Harraways celebrates 150 years with Going for Grain book

A DUNEDIN icon for over 150 years, Harraways is a family business that has endured since 1867.Still privately owned and operating from its original Green Island site, Harraways is the only remaining mill processing home-grown oats in New Zealand.


How has the company survived to provide New Zealanders with some of their most-loved breakfasts for a century and a half? The story of this remarkable local landmark is told in Harraways - Going for Grain: 150 years of milling at Green Island, Dunedin.

Rebecca Reid's book, published as part of Harraways 150th anniversary celebrations, tells the history of the business, with all its high points and struggles. This substantial volume also includes recipes from across the years, many historical images, fascinating family facts on those who have helmed Harraways, yarns, memories, and much more.

Harraways - Going for Grain is available now from odtshop.co.nz, the Otago Daily Times front office, or Harraways at 161 Main South Rd in Green Island. The book documents how two early colonial Dunedin families have kept Harraways at the forefront of the New Zealand milling industry for a century and a half. Henry Harraway started the company as Dunedin prospered in the wake of the Otago Gold Rush of the early 1860s. He and wife Catherine had 21 children (with 11 of their sons forming their own cricket team), so it's no surprise the business later became Harraway and Sons Limited.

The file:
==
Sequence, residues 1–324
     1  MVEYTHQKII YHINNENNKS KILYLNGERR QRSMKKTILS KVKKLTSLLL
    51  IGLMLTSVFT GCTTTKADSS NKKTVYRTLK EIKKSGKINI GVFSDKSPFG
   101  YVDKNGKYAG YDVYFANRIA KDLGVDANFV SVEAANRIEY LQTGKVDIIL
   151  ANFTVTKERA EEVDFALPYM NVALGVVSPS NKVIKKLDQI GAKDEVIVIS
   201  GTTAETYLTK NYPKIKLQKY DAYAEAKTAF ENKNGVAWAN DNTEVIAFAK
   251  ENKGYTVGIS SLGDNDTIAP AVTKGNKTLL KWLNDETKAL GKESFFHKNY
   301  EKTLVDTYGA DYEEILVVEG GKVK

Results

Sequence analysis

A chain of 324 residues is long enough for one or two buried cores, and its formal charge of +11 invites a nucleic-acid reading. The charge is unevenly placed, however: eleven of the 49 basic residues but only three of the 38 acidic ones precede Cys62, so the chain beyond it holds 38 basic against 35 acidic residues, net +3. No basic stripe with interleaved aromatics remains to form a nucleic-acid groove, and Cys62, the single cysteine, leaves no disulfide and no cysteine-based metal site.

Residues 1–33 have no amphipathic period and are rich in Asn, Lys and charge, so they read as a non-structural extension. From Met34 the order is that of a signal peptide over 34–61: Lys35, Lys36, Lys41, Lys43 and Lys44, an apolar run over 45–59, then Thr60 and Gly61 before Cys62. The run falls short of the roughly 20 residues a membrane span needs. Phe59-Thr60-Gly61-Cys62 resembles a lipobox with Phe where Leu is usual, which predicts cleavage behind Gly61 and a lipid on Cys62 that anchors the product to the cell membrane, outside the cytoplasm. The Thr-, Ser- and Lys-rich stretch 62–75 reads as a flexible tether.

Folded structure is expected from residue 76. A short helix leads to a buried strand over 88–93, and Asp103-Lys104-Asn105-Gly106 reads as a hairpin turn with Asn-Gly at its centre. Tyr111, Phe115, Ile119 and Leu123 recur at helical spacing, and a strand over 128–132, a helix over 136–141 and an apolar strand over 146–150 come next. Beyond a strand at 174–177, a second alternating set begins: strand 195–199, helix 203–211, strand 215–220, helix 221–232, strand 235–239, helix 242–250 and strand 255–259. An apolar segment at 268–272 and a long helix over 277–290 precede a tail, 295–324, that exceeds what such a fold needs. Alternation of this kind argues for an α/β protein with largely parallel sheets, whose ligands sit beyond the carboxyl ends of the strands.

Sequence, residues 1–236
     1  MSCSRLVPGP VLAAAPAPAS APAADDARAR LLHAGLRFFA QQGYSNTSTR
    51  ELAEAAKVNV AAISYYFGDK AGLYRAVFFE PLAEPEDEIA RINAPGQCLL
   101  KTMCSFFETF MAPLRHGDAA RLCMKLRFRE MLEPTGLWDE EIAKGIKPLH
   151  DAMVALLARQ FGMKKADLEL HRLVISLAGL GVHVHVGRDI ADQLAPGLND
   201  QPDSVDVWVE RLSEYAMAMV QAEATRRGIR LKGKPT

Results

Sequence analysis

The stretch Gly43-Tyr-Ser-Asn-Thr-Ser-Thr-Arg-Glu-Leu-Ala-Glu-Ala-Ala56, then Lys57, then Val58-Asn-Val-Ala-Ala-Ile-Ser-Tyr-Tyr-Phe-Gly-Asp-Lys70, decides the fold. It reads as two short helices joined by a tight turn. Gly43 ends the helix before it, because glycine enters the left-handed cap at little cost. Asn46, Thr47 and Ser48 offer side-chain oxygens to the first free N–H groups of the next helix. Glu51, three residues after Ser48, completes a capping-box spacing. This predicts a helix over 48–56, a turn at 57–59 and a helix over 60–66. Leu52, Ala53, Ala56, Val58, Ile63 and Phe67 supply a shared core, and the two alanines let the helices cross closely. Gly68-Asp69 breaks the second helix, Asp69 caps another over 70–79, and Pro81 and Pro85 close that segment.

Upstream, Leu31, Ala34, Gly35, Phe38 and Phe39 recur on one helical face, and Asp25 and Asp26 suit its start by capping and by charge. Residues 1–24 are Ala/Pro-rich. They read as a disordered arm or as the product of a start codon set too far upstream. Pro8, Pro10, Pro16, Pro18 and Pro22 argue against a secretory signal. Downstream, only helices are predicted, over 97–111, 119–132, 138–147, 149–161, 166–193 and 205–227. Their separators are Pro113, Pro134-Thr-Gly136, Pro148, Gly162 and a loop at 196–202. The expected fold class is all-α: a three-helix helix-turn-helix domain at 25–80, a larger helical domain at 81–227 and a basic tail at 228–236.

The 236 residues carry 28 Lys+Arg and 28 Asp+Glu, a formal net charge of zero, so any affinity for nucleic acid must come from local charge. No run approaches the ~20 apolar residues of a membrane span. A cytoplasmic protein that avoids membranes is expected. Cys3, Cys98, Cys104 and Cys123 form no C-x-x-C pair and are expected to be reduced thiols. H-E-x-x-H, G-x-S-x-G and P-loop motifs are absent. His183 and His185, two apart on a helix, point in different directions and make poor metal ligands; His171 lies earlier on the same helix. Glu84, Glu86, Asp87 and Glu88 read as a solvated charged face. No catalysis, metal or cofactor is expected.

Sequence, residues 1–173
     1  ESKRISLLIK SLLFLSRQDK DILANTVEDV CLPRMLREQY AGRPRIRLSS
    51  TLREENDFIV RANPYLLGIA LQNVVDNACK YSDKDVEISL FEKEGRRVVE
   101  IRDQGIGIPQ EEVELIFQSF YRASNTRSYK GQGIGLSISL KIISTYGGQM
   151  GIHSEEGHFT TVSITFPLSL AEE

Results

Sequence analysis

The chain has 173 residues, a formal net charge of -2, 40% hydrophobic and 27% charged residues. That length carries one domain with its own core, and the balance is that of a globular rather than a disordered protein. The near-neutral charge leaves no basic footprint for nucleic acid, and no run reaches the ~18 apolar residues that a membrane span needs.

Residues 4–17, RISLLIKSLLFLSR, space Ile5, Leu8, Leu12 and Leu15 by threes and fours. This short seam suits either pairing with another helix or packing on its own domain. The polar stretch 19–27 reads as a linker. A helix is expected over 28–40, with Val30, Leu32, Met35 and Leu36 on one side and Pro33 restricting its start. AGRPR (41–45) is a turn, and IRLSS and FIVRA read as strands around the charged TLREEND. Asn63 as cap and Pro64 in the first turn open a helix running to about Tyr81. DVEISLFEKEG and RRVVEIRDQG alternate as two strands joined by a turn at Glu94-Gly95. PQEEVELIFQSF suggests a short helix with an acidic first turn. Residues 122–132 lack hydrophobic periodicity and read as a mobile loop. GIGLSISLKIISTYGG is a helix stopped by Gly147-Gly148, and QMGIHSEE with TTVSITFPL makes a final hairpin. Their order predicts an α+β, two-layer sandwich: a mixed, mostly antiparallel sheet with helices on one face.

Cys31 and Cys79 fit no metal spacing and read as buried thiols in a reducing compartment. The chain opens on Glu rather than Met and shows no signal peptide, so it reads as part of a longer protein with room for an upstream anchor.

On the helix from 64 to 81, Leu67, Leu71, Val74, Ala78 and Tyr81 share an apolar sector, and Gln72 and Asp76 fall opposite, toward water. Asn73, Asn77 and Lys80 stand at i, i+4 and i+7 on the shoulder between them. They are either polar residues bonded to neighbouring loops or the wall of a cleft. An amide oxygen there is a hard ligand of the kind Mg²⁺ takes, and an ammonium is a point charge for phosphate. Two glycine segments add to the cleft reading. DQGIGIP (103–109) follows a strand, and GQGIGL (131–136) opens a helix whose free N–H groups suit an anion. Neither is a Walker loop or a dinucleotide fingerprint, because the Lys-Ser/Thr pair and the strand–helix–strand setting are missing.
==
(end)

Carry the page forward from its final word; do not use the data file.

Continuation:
In 1944 another storied Dunedin family, confectioners and millers the Hudsons, purchased the Harraways mill and introduced their own acumen to the business. The Hudson name endures to this day at Harraways and Sons Limited, with Ross and Deans Hudson remaining as directors.

Also enduring is the famous Kiltie boy and his dog Harry, which has been used in Harraways marketing since the 1950s. The current version was created in 2017 to coincide with the 150th year celebration.

Befitting such an iconic Dunedin business, artifacts from Harraways extensive history are now held in the city's Toitu Otago Settlers Museum.

* Harraways - Going for Grain: 150 years of milling at Green Island, Dunedin, by Rebecca Reid, is available now from odtshop.co.nz, the ODT front office, or Harraways.

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